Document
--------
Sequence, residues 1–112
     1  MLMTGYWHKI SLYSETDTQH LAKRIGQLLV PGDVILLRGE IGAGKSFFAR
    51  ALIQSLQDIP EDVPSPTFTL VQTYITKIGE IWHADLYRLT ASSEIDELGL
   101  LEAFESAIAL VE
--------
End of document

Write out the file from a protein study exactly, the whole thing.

Sequence, residues 1–112
     1  MLMTGYWHKI SLYSETDTQH LAKRIGQLLV PGDVILLRGE IGAGKSFFAR
    51  ALIQSLQDIP EDVPSPTFTL VQTYITKIGE IWHADLYRLT ASSEIDELGL
   101  LEAFESAIAL VE